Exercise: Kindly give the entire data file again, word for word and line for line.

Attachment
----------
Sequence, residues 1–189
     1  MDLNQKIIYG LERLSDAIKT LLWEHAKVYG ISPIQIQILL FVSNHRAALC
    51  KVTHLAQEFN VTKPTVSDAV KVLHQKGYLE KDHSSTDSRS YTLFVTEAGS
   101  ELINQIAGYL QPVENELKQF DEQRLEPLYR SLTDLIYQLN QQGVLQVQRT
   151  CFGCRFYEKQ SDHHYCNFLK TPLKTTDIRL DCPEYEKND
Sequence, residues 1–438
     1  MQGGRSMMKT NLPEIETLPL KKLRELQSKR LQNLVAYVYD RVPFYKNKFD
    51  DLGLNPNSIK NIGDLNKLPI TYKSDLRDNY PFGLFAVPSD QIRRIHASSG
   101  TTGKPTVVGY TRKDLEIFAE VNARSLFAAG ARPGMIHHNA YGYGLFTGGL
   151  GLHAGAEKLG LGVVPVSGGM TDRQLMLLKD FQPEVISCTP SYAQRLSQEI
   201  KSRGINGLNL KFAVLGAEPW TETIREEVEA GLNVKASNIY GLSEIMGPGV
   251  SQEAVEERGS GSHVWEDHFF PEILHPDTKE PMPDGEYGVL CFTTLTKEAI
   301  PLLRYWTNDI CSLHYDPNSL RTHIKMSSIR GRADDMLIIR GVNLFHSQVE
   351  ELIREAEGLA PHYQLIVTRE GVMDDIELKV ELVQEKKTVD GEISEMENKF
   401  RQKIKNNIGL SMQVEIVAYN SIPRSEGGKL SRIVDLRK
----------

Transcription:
Sequence, residues 1–189
     1  MDLNQKIIYG LERLSDAIKT LLWEHAKVYG ISPIQIQILL FVSNHRAALC
    51  KVTHLAQEFN VTKPTVSDAV KVLHQKGYLE KDHSSTDSRS YTLFVTEAGS
   101  ELINQIAGYL QPVENELKQF DEQRLEPLYR SLTDLIYQLN QQGVLQVQRT
   151  CFGCRFYEKQ SDHHYCNFLK TPLKTTDIRL DCPEYEKND
Sequence, residues 1–438
     1  MQGGRSMMKT NLPEIETLPL KKLRELQSKR LQNLVAYVYD RVPFYKNKFD
    51  DLGLNPNSIK NIGDLNKLPI TYKSDLRDNY PFGLFAVPSD QIRRIHASSG
   101  TTGKPTVVGY TRKDLEIFAE VNARSLFAAG ARPGMIHHNA YGYGLFTGGL
   151  GLHAGAEKLG LGVVPVSGGM TDRQLMLLKD FQPEVISCTP SYAQRLSQEI
   201  KSRGINGLNL KFAVLGAEPW TETIREEVEA GLNVKASNIY GLSEIMGPGV
   251  SQEAVEERGS GSHVWEDHFF PEILHPDTKE PMPDGEYGVL CFTTLTKEAI
   301  PLLRYWTNDI CSLHYDPNSL RTHIKMSSIR GRADDMLIIR GVNLFHSQVE
   351  ELIREAEGLA PHYQLIVTRE GVMDDIELKV ELVQEKKTVD GEISEMENKF
   401  RQKIKNNIGL SMQVEIVAYN SIPRSEGGKL SRIVDLRK